"In Japan, there is greater emphasis on producing cars that are simpler and therefore quicker to build," said Mr Robertson. "That means concentrating on getting the design and manufacturing processes right first time so less time is spent rectifying defects."

Analysis for the Treasury by management consultants McKinsey shows that UK productivity lags 40 per cent behind that of the US and is at least 20 per cent behind western Germany. Productivity in the UK automotive industry is half that in Japan and 20 per cent below that of the US, says McKinsey.

A spokesman for Rover, which blamed the strength of sterling for 1,500 job losses, said it was misleading to compare Longbridge's performance in 1997 with other plants because of the number of different cars and niche models produced there. Last year Longbridge was producing the Rover 100, 200 and 400 as well as the MGF sports car and limited production models such as the Rover 200 coupe and cabriolet and the Rover 400 Tourer.

"We have made major strides, improving productivity across the group by 19 per cent in the last two years," the spokesman said. "We want to do better but we think we are doing quite well already. We are also investing pounds 600m a year, which will undoubtedly increase levels of productivity."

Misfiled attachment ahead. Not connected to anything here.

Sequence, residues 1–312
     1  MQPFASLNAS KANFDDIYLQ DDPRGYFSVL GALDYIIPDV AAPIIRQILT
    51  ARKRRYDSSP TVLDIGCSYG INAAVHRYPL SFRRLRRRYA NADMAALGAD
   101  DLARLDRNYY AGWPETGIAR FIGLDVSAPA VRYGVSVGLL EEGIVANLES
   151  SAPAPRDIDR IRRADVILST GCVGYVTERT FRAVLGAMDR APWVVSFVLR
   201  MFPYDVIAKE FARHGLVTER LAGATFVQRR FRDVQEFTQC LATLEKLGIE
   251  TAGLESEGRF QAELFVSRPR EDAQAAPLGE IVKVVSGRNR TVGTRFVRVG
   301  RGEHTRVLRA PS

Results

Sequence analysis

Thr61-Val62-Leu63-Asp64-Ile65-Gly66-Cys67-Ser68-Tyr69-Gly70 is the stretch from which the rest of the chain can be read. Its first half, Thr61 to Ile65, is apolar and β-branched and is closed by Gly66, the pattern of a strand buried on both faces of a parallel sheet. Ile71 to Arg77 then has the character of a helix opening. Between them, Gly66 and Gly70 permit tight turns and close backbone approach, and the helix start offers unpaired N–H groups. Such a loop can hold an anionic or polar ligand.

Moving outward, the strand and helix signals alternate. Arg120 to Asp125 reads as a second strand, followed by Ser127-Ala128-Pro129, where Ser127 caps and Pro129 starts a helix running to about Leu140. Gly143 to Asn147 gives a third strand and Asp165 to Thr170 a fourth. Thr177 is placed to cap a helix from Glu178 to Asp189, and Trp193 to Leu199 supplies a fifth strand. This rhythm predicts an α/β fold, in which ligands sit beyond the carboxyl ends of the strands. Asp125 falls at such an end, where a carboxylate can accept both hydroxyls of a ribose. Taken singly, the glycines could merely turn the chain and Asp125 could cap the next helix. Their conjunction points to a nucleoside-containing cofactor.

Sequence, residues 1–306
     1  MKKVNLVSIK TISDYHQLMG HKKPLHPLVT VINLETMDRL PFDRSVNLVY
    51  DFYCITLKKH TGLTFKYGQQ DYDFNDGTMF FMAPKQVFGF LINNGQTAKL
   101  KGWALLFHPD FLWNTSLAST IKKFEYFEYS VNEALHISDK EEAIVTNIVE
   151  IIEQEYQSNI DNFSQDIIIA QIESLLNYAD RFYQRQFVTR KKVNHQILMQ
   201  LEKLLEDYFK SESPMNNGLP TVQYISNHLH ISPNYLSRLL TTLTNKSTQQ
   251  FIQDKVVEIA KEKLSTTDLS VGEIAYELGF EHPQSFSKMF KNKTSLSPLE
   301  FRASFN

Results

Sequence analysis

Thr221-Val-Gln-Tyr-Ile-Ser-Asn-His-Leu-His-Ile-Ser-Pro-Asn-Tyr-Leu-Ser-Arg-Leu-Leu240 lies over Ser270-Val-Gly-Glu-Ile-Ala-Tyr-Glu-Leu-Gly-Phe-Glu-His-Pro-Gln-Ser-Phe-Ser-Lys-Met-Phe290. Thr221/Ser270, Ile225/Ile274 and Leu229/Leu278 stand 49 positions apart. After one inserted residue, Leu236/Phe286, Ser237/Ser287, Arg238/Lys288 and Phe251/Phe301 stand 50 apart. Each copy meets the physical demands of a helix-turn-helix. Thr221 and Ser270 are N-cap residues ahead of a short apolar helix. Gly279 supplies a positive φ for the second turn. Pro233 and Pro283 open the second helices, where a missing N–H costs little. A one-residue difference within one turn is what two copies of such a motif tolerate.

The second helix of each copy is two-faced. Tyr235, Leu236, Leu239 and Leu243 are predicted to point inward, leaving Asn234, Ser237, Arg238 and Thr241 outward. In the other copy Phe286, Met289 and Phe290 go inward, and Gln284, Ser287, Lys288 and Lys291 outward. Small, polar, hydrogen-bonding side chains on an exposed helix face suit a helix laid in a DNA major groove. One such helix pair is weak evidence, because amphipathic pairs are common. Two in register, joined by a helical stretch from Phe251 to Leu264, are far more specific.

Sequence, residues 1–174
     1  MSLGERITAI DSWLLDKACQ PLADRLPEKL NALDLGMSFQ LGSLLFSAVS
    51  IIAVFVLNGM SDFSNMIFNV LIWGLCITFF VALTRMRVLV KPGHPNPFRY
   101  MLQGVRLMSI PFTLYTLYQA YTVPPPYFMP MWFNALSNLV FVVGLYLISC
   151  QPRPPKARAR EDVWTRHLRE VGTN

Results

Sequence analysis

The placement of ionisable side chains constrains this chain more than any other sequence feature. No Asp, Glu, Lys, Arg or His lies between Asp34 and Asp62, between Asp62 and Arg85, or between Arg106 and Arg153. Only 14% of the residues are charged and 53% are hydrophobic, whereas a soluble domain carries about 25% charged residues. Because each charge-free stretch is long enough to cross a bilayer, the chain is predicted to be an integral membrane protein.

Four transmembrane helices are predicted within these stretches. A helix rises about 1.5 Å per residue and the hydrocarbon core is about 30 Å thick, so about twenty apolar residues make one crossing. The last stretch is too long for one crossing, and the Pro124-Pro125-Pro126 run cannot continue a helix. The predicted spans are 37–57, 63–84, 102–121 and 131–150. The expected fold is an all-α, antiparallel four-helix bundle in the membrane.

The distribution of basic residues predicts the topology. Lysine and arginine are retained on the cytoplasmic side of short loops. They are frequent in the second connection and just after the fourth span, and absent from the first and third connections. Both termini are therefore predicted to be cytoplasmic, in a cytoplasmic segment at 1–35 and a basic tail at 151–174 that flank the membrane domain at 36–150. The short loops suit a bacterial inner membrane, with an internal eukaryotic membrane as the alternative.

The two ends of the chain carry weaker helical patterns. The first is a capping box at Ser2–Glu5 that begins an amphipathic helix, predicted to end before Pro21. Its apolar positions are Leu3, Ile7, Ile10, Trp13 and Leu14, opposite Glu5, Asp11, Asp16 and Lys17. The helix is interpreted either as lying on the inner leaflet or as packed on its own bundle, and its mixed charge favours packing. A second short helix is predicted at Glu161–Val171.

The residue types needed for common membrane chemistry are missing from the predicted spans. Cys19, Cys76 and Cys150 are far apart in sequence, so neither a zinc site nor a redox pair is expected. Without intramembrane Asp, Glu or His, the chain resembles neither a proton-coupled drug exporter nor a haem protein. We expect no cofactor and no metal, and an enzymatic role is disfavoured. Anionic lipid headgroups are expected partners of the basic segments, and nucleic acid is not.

In the past, manufacturers such as Ford and Rover have complained that comparisons with Japanese transplant factories in Europe are unfair because these are "screwdriver" assembly plants which lack the full range of processes.

However, Nissan's Sunderland plant and Volkswagen's Wolfsburg plant in Germany, which makes the Golf, are now considered to be the two most integrated car plants in Europe. The Sunderland plant made a record 271,800 Primeras and Micras in 1997 and production is set to exceed 280,000 this year.

The EIU's audit is designed to produce like-for-like comparisons, and includes workers employed in press shop, body-in-white, paint shop, trim and final assembly and rectification.